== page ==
Arts Council England has unveiled the strategy that will guide its work over the next decade, aiming to address what it says are “momentous” sector-wide challenges that include inequality of opportunity and a widespread lack of diversity.
There is particular emphasis on communities and young people in the document, published today (January 27), which sets in stone the Arts Council’s priorities for its work and the organisations it will fund between now and 2030.
Entitled Let’s Create, its contents are broadly similar to the draft document published by the Arts Council last year. It is based around a vision that by 2030, England will be a country “transformed by its culture” and “in which the creativity of each of us is valued and given the chance to flourish”.
The strategy is the second of its kind to be published by the funding body, and will replace its 2010 document, Achieving Great Art for Everyone, which had a heavy focus on excellence.
While the new strategy continues to emphasise “high-quality work” throughout, it also makes repeated references to the importance of creative education and of working in partnership with local communities.
It is based around a series of three outcomes, and four principles needed to achieve them. The outcomes focus on how people can develop creativity throughout their lives – including as children, within communities, and as professionals – while the principles claim the arts should be driven by ideas including ambition and quality, relevance, dynamism and environmental sustainability.
In a foreword to the strategy document, ACE chair Nicholas Serota writes that these goals must be achieved amid a landscape that includes “inequality of wealth and of opportunity, social isolation and mental ill-health”.
“It has become clearer than ever to me that while the challenges of the next 10 years are momentous, the possibilities are just as great,” he adds.
In the document, the Arts Council admits that some places and people in England “have been disadvantaged by historic patterns of public funding”, and promises to address these imbalances over the next decade, particularly concerning people from lower socio-economic backgrounds, D/deaf and disabled people and those from minority ethnic backgrounds.
The inclusivity and relevance principle includes the intention to “judge organisations for the way in which they reflect and build a relationship with their communities, as well as for the quality and ambition of their work”.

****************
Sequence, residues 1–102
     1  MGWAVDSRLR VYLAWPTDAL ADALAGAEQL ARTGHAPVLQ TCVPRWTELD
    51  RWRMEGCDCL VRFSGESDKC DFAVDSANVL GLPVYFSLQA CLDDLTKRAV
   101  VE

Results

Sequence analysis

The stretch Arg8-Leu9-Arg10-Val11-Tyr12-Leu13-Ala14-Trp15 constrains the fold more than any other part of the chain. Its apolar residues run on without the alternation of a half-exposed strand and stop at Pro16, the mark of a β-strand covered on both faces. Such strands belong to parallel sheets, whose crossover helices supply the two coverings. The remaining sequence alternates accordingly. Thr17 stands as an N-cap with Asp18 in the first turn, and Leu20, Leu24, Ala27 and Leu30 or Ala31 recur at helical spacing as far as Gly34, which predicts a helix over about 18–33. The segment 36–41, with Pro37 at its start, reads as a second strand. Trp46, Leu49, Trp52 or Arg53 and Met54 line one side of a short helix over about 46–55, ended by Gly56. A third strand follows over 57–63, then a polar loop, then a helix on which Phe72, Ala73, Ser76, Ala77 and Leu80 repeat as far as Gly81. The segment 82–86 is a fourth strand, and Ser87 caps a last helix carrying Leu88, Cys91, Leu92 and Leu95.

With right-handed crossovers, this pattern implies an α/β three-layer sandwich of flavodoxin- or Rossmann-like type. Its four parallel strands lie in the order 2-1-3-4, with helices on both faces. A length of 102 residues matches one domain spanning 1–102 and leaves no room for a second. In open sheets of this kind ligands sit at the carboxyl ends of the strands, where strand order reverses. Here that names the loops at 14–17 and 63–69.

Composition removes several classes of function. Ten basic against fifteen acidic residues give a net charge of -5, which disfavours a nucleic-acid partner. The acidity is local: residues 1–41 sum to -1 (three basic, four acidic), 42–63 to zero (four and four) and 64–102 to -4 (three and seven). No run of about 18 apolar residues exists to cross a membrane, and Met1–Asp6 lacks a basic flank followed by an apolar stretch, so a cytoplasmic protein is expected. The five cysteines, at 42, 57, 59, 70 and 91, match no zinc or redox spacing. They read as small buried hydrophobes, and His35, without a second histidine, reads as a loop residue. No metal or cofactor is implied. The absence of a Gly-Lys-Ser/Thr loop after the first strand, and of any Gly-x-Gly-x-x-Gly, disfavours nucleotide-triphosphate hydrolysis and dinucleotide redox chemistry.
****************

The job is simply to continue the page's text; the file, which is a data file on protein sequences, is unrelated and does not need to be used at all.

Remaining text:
National portfolio organisations already commit to improving diversity as part of their funding agreements with ACE, but under the new strategy these companies will be asked to agree to targets relating to how their staff, audiences, work and governance reflect the communities in which they work. These will include gender, race and disability as well as socio-economic background.
ACE chief executive Darren Henley said that a “place-based approach” to funding, with a focus on communities and parts of the country that have been neglected, represented “a central strand of the strategy which is different to last time”.
ACE acknowledges that the changes it is proposing mean that the arts organisations it invests in by 2030 may “differ in many cases” from those it supports today.
“We don’t pretend it’s going to be easy to deliver this,” he told The Stage.
“I really believe that talent is everywhere in this country, but I am conscious that, historically, opportunity for that talent to come to the fore hasn’t always been there. We’ve got to make those interventions to make that happen,” Henley said.
In practical terms, ACE promises regular reviews of its applications processes and its monitoring requirements to ensure they are accessible and inclusive, as well as to become “a more flexible investor”, adding alternative schemes to its more traditional grants.
It will also invest in new technologies and proposes a set of seven questions that must be answered before making investments.
The strategy – described as a “guiding light rather than an instruction manual” – will be followed later this spring by the first of several delivery documents setting out a more precise plan for the next three years, ahead of the next NPO round, which opens later this year with funded organisations for 2022-26 announced in summer 2021.